Monday, November 24, 2008

Masculin Feminin

This film is again by Jean-Luc Goddard. It was made in black and white and with a very low budget. It came out in 1966. This film is able to penetrate reality and describes social reality. It also shows how a film can be used as a medium. This is not a linear film.

The french communist party was a major party at this time, it never won the election but always got at least 25-30% of the vote. You can see in this film that Goddard was getting more into politics. There are several references to the Vietnam war. This film was very choppy and does not flow well.

Again we see stereotypes that Goddard always faces. The plot is de-emphasized. He again experiments with sound ( it is there, stops, picks up again). The story is divided into chapters that are numbered, but does not flow numerically like chapters in a book would. The subtitles or messages of the chapters come with a loud, menacing, almost scary sound behind them. It definitely grabs your attention. We also see Goddard dealing with class and political issues.

The two main characters are Paul and Madeline. Paul is very anguished, troubled about politics and when asked what his main focus in life is said, Love. Madeline is very self centered and absorbed, her main focus in life would be herself.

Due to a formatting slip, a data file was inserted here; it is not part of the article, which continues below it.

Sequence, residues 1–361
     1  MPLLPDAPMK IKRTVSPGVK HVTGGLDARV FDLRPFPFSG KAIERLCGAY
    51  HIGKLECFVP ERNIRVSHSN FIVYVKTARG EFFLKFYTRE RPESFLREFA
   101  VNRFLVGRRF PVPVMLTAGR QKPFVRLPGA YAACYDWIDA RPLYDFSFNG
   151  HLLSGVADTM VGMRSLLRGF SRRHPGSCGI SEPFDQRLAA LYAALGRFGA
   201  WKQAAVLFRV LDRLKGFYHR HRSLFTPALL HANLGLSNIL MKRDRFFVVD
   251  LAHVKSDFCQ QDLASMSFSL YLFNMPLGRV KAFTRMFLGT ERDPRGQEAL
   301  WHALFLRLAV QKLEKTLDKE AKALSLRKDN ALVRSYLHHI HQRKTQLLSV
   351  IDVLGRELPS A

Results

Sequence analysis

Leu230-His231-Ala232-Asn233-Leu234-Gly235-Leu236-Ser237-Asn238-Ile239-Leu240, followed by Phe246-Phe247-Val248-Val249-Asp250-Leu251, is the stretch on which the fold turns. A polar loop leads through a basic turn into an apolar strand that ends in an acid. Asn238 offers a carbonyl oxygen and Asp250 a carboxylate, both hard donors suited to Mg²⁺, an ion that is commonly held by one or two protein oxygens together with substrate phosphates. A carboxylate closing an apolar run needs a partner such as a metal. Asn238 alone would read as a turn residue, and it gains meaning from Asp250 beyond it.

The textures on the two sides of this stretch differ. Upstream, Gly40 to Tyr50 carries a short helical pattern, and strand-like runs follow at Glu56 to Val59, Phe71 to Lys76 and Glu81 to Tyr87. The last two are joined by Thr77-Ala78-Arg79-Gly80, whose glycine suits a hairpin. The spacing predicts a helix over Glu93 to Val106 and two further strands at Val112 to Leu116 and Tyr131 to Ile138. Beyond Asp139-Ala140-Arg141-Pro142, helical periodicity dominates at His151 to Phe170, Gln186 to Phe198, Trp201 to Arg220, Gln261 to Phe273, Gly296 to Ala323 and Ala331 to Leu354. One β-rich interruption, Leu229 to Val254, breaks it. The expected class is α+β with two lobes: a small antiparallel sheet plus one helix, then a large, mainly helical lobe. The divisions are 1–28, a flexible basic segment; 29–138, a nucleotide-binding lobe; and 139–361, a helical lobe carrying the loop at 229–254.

The interviewing scenes are very weird. The scene want us to be unsure if we are seeing the actors or the characters give the answers. The scene of 2 people questioning each other are more like an interrogation scene than two people getting to know each other.

This film used montages, when Goddard wanted the idea of shocking and several different and random ideas/objects/things put together and having it work.

This film surprised me with the mention on birth control and abortion. I was also very surprised when Paul died. It follows the line of french new wave by showing us that film can contain/do/be anything.

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